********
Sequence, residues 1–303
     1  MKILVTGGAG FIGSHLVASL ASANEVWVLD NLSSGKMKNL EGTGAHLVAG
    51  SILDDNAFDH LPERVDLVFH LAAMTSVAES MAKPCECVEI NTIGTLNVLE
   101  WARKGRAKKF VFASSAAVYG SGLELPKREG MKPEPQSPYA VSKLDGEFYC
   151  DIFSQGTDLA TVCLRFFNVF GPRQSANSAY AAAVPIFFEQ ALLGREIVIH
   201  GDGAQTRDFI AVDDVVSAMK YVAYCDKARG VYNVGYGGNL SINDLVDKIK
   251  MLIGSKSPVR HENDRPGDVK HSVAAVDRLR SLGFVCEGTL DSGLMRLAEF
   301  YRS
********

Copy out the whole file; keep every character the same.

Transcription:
Sequence, residues 1–303
     1  MKILVTGGAG FIGSHLVASL ASANEVWVLD NLSSGKMKNL EGTGAHLVAG
    51  SILDDNAFDH LPERVDLVFH LAAMTSVAES MAKPCECVEI NTIGTLNVLE
   101  WARKGRAKKF VFASSAAVYG SGLELPKREG MKPEPQSPYA VSKLDGEFYC
   151  DIFSQGTDLA TVCLRFFNVF GPRQSANSAY AAAVPIFFEQ ALLGREIVIH
   201  GDGAQTRDFI AVDDVVSAMK YVAYCDKARG VYNVGYGGNL SINDLVDKIK
   251  MLIGSKSPVR HENDRPGDVK HSVAAVDRLR SLGFVCEGTL DSGLMRLAEF
   301  YRS